Exploring Plants by Claire Llewellyn

This book uses simple sentences to describe where plants grow, different kinds of plants, the parts of plants, leaves, flowers, seeds, how plants grow, what plants need to grow, what we can eat from plants, what animals may eat, and how plants help us. It ends with directions to grow your own beans in a jar.

Plant Cycle by Ray James

This book has only a couple of sentences per page. It talks about plant reproduction, plant seeds and how they can get to different places, how plants grow, and plants breaking down.

Plant Life Cycles by Sally Morgan

This book has quite a bit of text. It talks about shoots, roots, plant life cycles, interesting plant facts, flowering plants, nonflowering plants, germination, photosynthesis, flowers, plant fertilization, flower shapes, flower trickery, seeds, fruits, how seeds are scattered, producers and consumers, annuals, perennials, biennials, decomposers, and compost.

Plants Can’t Sit Still by Rebecca E. Hirsch

I really like this book! It uses simple text to show how plants move even though they don’t have feet, fins, or wings. Plants wiggle, grow, squirm, reach, creep, slither, crawl, climb, explode, and more. The back of the book gives a more detailed explanation of the plants shown in the illustrations.

Plants Feed Me by Lizzy Rockwell

This book has only one to two sentences per page and describes what a person could eat such as leaves (like spinach), roots and tubers (like carrots and potatoes), bulbs (onions), stems (asparagus), flowers (broccoli), fruits that grow on trees (apples), fruits that grow on bushes (blueberries), fruits that grow on vines (melons), and seeds (walnuts).

Plants We Eat by Christine Peterson

This book talks about different edible plants we eat and discusses vegetables, wheat, leaves, fruits, tubers, spices, and more. It ends with the suggestion to create a stirfry using a variety of plant parts such as carrots, bell peppers, broccoli, etc.

Children’s Books About Gardening

The Garden Project by Margaret McNamara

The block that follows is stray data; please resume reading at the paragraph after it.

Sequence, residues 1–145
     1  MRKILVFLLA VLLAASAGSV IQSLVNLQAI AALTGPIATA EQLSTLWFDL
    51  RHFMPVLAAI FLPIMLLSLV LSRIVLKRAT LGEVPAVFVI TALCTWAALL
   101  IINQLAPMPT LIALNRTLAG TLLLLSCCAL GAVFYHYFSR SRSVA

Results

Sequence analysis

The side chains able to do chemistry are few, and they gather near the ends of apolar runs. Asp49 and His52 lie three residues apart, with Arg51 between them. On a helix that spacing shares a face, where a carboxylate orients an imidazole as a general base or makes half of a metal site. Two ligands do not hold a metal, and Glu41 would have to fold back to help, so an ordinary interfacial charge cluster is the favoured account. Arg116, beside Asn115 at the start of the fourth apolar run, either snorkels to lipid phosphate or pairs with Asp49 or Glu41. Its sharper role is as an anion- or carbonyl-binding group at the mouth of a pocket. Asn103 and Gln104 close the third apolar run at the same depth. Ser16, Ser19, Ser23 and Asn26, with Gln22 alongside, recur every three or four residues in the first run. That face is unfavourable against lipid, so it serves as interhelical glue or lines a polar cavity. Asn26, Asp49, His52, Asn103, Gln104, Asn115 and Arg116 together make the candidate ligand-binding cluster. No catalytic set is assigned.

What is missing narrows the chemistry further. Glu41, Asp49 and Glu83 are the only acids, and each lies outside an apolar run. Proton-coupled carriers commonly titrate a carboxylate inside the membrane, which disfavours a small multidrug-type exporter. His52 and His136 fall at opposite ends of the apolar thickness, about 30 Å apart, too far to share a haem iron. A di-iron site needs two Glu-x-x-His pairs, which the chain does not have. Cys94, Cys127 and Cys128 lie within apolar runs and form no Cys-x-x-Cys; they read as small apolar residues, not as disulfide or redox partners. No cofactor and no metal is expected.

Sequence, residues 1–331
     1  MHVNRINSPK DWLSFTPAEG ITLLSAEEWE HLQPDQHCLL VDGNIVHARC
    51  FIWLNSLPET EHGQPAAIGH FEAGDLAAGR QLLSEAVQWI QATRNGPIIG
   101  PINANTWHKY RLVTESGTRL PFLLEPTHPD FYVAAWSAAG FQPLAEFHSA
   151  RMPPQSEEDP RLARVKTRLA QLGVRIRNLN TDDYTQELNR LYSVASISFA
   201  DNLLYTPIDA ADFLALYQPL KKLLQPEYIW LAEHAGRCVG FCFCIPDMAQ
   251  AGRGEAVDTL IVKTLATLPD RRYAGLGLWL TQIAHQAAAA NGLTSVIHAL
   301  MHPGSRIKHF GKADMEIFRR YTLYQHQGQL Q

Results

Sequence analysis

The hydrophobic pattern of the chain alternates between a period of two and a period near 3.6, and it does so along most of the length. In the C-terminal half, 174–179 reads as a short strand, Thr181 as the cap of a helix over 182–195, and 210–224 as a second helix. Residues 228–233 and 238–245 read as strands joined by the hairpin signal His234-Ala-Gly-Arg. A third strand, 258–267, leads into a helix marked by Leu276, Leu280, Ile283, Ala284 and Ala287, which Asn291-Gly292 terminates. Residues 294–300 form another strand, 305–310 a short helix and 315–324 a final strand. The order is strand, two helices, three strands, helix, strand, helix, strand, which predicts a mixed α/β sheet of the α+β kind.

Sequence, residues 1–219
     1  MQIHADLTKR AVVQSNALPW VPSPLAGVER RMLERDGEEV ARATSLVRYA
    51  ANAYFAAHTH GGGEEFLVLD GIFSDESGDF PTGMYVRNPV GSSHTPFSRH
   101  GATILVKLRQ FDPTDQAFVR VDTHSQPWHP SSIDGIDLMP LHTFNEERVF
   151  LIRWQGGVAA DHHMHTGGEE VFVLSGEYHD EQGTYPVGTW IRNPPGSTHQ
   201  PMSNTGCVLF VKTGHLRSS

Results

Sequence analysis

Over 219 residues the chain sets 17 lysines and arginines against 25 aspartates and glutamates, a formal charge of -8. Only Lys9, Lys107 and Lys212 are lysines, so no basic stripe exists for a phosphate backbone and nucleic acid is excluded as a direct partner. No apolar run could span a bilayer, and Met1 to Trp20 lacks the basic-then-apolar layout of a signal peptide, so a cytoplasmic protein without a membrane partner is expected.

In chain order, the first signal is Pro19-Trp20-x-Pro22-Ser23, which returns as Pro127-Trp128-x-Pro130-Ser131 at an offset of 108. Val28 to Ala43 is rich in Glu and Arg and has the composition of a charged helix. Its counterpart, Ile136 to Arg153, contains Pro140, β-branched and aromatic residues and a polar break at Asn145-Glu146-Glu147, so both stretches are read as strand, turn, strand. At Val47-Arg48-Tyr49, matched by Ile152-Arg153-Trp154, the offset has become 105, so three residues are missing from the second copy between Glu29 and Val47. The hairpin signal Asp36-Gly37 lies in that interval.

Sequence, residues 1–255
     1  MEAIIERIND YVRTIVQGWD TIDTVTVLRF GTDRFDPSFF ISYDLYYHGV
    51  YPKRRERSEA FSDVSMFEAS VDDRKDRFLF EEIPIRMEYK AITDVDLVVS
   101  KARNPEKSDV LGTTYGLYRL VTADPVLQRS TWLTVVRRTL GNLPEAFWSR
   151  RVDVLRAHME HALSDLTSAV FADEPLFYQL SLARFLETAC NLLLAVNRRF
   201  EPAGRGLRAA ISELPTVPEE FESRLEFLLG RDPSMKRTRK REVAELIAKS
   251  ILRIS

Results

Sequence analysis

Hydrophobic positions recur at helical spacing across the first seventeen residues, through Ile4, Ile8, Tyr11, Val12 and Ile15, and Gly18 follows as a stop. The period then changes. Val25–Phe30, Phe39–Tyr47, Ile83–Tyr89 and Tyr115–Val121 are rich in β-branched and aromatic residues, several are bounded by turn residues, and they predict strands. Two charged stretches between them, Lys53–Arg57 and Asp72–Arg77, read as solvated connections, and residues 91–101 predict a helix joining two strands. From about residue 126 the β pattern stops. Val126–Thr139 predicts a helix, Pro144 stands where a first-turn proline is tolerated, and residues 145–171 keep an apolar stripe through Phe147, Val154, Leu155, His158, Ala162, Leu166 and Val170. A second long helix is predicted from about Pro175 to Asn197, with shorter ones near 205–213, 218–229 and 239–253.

This Ready-To-Read Level 1 book is part of the Robin Hill School Series. It talks about how the Robin Hill School students, parents, and teacher convert their old sandbox into a garden for the kids to learn about gardening and enjoy the end results.

The Nitty-Gritty Gardening Book: Fun Projects for All Seasons by Kari Cornell

This book is divided into the four seasons and provide projects to do within each of the seasons. It also talks about why people garden and provides a very detailed explanation of garden basics. Each of the projects listed within this book have step-by-step instructions to follow. Some projects include making newspaper pots, growing a sack of potatoes, planting a strawberry basket, growing an avocado plant, and making a compost bin.

The Usborne Book of Growing Food by Abigail Wheatley

This is a detailed book about what you need to know before you start gardening, the supplies you will need, and step-by-step instructions with more facts about growing carrots, shallots, bush beans, sprouting beans, peas, herbs, edible flowers, and more. It also provides tips and techniques for gardening such as how to fill containers, sow seeds, plant, repot, deal with pests, and compost.

Think Like a Scientist in the Garden by Matt Mullins

This book talks about being a scientist in your own garden. It provides the steps to the scientific procedure and then tells how to collect facts, ask questions, do research (with information about Gregor Mendel), and conduct experiments you can try at home.

Will you be growing a garden this year?


For more fun with garden produce, check out these posts:

Our Grand Pumpkin Experiment

Quick Fresh Salsa

Pickle Making During National Pickle Month